I. Approaches to Law
1. Doctrinalism or Autonomism:
a. When trying to figure out the answer to a legal question, we should look to prior legal authority. Look for the values and principles already present in legal authorities; Law is autonomous and distinct from other fields of learning.
i. Legal Realists: We need to refresh laws based on the current social situation and thereby allow courts and legislatures to make changes.
2. Functionalism / Law and…
a. Let’s look actively to other principles that aren’t present in current law. Look outside the field of law and prior authority for principles that should guide the law. Law isn’t autonomous; it is dependent on these other fields
b. Coase theorem (Law and economics):
i. Assuming a perfectly functioning market . . .
1. No transaction costs
2. Perfect information
ii. . . . It doesn’t matter what the court decides or who a rule favors, because they can decide amongst themselves and obtain an efficient outcome (They can arrive at a solution via a market transaction in which both would be satisfied). In a perfectly functioning market they will get together and reach an optimal solution for the both of them. (There are many reasons that a market may not be considered perfectly functioning.)
iii. This theory assumes that everything (all needs and desires) can be reduced to a monetary value.
*But, People don’t always act rationally and sometimes act strategically
3. Legal Process School:
a. Which institution is best situated to make the best decision? Craft the rule of law that will place the power to decide in the institution best situated to render the choice.
i. Legislature: when the decision should represent the will of the people.
ii. Courts: when the decision involves a determination of fact
4. Law and Status:
a. Craft rules of law that address the impact of the law on groups of particular concern / people that are often exploited (e.g., the poor, women, minorities, men, etc.)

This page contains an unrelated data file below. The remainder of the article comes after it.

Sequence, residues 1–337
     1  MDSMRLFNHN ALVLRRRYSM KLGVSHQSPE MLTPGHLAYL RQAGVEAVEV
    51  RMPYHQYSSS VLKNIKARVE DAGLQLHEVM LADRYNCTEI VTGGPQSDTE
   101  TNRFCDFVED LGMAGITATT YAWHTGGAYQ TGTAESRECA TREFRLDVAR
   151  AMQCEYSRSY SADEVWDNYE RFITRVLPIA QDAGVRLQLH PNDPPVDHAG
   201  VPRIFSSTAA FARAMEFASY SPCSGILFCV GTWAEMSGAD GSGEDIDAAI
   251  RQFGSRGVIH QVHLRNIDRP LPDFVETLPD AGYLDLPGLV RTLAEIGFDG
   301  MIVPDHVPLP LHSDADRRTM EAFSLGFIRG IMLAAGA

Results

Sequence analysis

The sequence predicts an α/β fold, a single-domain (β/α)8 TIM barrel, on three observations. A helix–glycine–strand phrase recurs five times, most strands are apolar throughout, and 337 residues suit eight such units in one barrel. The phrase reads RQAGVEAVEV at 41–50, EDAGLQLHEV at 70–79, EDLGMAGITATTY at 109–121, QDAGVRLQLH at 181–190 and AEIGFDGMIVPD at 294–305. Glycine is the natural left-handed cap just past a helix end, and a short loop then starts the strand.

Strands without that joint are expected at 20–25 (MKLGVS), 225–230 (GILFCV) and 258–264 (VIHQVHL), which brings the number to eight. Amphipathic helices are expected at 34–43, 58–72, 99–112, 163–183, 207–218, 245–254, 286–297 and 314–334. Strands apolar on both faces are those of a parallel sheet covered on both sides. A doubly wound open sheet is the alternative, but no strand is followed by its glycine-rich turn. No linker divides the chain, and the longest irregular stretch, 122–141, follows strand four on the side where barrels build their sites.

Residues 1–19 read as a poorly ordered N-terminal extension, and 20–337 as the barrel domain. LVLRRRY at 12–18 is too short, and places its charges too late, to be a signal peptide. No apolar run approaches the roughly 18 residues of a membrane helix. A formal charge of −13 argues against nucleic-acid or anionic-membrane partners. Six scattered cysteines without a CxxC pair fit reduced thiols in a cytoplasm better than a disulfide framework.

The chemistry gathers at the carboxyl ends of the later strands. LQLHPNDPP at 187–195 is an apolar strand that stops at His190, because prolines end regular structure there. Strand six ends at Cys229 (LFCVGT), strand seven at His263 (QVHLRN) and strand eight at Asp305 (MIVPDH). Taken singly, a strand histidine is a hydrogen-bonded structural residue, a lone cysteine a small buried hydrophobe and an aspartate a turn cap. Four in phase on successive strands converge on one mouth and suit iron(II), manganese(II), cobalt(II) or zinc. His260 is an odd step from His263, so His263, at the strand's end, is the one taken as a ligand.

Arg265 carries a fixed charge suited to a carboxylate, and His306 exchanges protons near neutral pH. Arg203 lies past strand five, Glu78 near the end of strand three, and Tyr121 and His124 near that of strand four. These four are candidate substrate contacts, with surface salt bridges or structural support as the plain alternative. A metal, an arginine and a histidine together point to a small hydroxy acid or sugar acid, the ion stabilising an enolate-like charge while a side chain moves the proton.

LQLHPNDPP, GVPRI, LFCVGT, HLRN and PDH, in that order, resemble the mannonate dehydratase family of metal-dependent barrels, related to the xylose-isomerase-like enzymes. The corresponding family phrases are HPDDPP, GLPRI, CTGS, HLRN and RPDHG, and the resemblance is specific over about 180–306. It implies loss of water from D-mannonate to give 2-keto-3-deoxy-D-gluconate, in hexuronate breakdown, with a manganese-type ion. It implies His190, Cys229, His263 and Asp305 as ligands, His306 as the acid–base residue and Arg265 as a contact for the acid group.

II. Concepts of Property – Why does property exist?
1. Five Theories of Property
a. To Protect First Possession
i. First come, first serve; applies to how unowned things became owned (especially in the early US); Less relevant today because most tangible things are already owned
ii. Still in play in our daily lives (standing in line, parking spots, seats, etc.-this is a matter of custom)
b. To Encourage Labor – LaborTheory
i. Each person is entitled to the fruits of their labor
ii. Things (land) don’t have a value until labor is added
iii. In modern days this applied to patents, copyrights, etc.
c. To Maximize Societal Happiness – Utilitarianism (Traditional vs. the Law and Economics Theory)
1. Property is distributed to maximize the overall happiness of society
2. Recognizing property is a means to an end for all citizens not just those who own property. (It allows for greater happiness for everyone)
ii. Law and Economics Theory
1. Land is viewed as a commodity
2. Property is an efficient method of distributing wealth
3. Property is used to ensure that owners use the resources in the most efficient manner possible (whatever will increase its value the most). Being able to transfer property is essential to this point